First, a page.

Project description:The Nod-like receptor protein 3 (NLRP3) inflammasome activation not only serves as an intracellular machinery triggering inflammation but also produces uncanonical effects beyond inflammation such as changing cell metabolism and increasing cell membrane permeability. The present study was designed to test whether this NLRP3 inflammasome activation contributes to the "two-hit" injury during nonalcoholic steatohepatitis (NASH) and whether it can be a therapeutic target for the action of Fufang Zhenzhu Tiaozhi (FTZ), a widely used herbal remedy for hyperlipidemia and metabolic syndrome in China. We first demonstrated that NLRP3 inflammasome formation and activation as well as lipid deposition occurred in the liver of mice on the high-fat diet (HFD), as shown by increased NLRP3 aggregation, enhanced production of IL-1? and high mobility group box 1 (HMGB1), and remarkable lipid deposition in liver cells. FTZ extracts not only significantly reduced the NLRP3 inflammasome formation and activation but also attenuated the liver steatosis and fibrogenic phenotype changed. In in vitro studies, palmitic acid (PA) was found to increase colocalization of NLRP3 components and enhanced caspase-1 activity in hepatic stellate cells (HSCs), indicating enhanced formation and activation of NLRP3 inflammasomes by PA. PA also increased lipid deposition. Nlrp3 siRNA can reverse this effect by silencing the NLRP3 inflammasome and both with FTZ. In FTZ-treated cells, not only inflammasome formation and activation was substantially attenuated but also lipid deposition in HSCs was blocked. This inhibition of FTZ on lipid deposition was similar to the effects of glycyrrhizin, an HMGB1 inhibitor. Mechanistically, stimulated membrane raft redox signaling platform formation and increased O2•- production by PA to activate NLRP3 inflammasomes in HSCs was blocked by FTZ treatment. It is concluded that FTZ extracts inhibit NASH by its action on both inflammatory response and liver lipid metabolism associated with NLRP3 inflammasome formation and activation.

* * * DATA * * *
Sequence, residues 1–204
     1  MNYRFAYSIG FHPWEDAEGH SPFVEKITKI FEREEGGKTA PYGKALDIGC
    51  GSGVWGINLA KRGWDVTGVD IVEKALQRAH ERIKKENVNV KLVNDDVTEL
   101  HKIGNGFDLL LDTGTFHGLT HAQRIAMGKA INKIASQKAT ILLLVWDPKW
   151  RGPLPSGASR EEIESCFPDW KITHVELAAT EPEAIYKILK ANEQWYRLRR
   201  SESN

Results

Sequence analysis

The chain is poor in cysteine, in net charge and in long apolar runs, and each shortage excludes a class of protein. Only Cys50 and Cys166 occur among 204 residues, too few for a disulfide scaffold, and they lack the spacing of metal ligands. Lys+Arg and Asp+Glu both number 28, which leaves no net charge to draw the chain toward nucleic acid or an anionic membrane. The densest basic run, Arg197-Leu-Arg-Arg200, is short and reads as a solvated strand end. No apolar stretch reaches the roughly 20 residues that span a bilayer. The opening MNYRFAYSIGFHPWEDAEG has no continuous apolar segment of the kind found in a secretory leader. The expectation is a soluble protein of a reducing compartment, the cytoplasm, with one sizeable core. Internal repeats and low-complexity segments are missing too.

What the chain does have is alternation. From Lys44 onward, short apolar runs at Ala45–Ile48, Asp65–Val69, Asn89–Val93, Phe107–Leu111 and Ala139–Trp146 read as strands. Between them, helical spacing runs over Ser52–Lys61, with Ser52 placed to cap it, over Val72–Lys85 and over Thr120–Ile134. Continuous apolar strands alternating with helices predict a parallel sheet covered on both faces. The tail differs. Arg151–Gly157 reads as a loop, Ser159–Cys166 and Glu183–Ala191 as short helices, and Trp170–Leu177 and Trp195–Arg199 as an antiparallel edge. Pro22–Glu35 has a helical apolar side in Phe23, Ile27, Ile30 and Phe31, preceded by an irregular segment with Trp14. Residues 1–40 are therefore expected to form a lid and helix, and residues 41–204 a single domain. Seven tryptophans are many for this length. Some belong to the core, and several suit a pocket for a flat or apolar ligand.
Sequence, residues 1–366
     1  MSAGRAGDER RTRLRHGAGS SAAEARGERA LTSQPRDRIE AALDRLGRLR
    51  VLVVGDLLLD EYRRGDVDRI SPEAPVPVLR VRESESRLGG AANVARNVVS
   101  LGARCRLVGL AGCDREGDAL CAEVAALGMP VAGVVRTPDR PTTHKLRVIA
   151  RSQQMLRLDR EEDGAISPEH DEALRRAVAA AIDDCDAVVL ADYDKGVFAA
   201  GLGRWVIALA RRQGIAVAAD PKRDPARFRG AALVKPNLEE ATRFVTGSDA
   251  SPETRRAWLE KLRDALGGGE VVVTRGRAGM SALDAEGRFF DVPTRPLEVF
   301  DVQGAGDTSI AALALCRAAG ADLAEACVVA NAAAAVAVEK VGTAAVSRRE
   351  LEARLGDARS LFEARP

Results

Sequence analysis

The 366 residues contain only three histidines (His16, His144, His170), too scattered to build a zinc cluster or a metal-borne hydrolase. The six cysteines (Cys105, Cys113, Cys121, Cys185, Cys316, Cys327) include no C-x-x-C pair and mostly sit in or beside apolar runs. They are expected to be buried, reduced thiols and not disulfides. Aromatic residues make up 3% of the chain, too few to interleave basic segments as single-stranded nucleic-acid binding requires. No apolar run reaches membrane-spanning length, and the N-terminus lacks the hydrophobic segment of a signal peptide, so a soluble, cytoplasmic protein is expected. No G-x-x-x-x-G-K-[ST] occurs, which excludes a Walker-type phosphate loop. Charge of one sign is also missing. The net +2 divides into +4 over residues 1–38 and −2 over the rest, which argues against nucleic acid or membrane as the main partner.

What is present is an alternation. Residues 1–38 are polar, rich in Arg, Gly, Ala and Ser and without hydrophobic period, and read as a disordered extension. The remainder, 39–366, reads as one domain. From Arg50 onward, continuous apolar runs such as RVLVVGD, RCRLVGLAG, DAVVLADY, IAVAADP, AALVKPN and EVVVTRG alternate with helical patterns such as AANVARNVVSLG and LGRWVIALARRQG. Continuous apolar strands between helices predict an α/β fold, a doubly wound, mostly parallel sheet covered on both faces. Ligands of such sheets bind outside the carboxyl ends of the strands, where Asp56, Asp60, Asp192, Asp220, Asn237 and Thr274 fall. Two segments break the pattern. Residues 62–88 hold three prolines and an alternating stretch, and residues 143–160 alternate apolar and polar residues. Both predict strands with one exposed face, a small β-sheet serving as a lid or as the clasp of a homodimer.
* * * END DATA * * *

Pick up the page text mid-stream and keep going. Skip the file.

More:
Project description:Objective:To investigate the effect of FTZ on high-glucose-induced oxidative stress and underlying mechanisms. Methods:We used a ? cell dysfunction and diabetes model that was induced in rats fed a high-fat high-sugar diet (HFHSD) for 6 weeks and injected once with 35 mg/kg streptozocin (STZ). Then, 3 and 6 g/kg of FTZ were administered by gavage for 8 weeks. In addition, an ex vivo model of oxidative stress was induced by stimulating INS-1 cells with 25 mmol/L glucose for 48 h. Result:The levels of fasting blood glucose (FBG) in diabetic model rats were obviously higher than those in the normal group; furthermore with reduced levels of ? cells, catalase (CAT), superoxide dismutase (SOD), and Bcl-2 increased lipid peroxide malondialdehyde (MDA) and caspase-3 in the pancreatic tissue of the diabetic model rats. Afterward, the cells were incubated with FTZ-containing serum and edaravone. The 25 mmol/L glucose-induced SOD reduction increased MDA and intracellular ROS. The protein expression level of Mn-SOD and CAT in the model group decreased significantly compared with that in the control group. Conclusion:FTZ treatment significantly improved the alteration in the level of SOD, CAT, Bcl-2, caspase-3, and MDA coupled with ? cell dysfunction in diabetic rats. Oxidative stress in INS-1 cells was closely associated with a higher rate of apoptosis, increased production of ROS and MDA, enhanced Bax expression, and caspase-3, -9 activities and markedly decreased protein expression of Mn-SOD and CAT. FTZ-containing serum incubation notably reversed the high-glucose-evoked increase in cell apoptosis, production of ROS and MDA, and Bax protein levels. Furthermore, FTZ stimulation upregulated the expression levels of several genes, including Mn-SOD, CAT, and Bcl-2/Bcl-xl. In addition, FTZ decreased the intracellular activity of caspase-3, -9 in INS-1 cells. FTZ protected ?-cells from oxidative stress induced by high glucose in vivo and in vitro. The beneficial effect of FTZ was closely associated with a decrease in the activity of caspase-3, -9 and intracellular production of ROS, MDA, and Bax coupled with an increase in the expression of Mn-SOD, CAT, and Bcl-2/Bcl-xl.